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I'm wondering something about debugging and what it means.

Currently developping a program that watches a directory and when something changes in the directory, it runs all the tests that it can find in the same directory.

So, I test what happens if you change the tests? I find that when I have 20 tests that should fail, and I change one of them to succeed, the program finds and runs all the tests and reports 20 failed tests. It doesn't use the new test, which is slightly odd.

Now, when I go through the program with a debugger, it does detect the new test!

How come the results change when using a debugger? It is the default debugger of Eclipse. The program watches the directory using a WatchService and runs and collects the tests using JUnit.

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I shall answer your question as I understand it.
The debugger in eclipse is designed for making complex applications, like GUI's or apps like your own.
The debugger allows you to change the code of a program in real time. It is designed for you to be able to edit an application, and see what your doing with it, IE changing a window size, ETC.
Each debugger run is a clean build. Try cleaning the builds of your eclipse project, this may be creating the problem, as the compiler is logging the data and expecting you to input a certain answer.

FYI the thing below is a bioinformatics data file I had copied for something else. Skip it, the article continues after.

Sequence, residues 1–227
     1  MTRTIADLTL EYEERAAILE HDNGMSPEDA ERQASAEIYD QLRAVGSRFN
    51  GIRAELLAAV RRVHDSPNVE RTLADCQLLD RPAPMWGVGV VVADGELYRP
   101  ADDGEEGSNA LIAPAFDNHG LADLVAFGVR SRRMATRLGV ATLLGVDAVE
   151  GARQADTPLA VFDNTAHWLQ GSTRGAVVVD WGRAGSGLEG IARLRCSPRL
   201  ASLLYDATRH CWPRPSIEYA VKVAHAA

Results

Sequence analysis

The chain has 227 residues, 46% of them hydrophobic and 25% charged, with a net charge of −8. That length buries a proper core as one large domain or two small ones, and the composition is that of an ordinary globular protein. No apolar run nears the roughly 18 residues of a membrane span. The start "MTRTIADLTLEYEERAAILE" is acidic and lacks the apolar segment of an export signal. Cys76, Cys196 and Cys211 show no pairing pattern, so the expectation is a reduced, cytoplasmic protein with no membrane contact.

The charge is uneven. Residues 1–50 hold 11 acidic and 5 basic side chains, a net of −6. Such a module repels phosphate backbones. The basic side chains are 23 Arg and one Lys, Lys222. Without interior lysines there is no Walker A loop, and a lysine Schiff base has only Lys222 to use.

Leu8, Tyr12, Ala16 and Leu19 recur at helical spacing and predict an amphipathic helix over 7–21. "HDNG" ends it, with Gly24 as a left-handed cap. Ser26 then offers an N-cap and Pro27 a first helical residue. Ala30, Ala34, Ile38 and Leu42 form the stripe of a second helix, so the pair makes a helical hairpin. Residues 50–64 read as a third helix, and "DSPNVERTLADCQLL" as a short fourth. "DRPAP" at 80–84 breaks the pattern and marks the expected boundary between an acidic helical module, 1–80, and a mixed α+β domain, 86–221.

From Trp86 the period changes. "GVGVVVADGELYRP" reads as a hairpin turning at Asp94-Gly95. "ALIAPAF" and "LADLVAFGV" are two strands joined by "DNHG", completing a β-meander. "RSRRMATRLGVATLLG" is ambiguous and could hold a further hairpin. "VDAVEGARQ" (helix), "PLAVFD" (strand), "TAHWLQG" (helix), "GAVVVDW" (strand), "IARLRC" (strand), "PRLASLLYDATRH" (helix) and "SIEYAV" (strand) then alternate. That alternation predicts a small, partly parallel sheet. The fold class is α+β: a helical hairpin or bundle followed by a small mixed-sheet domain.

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Ah, I see what you say. So when I do a regular execution, and change (even unrelated parts of) the program during run time it won't be used. Any idea how I can adjust it so it is? Cleaning the builds doesn't do it. –  Sven Nov 7 '13 at 20:52
Again, if I understand what you are getting at, the only way to edit code and have it update in real time is the debugger. The only thing I can think of would be the clean build. Can you provide some code on what is supposed to pass and what fails, and on how the compiler/JVM tests this? –  Sir_Mr_Bman Nov 7 '13 at 23:14
Yes, I'm basically looking for Hot Code Replacement. I can't really provide code to easily solve it, but I will talk this over with my instructor (who mentioned something about this). Thanks for your help! –  Sven Nov 7 '13 at 23:46

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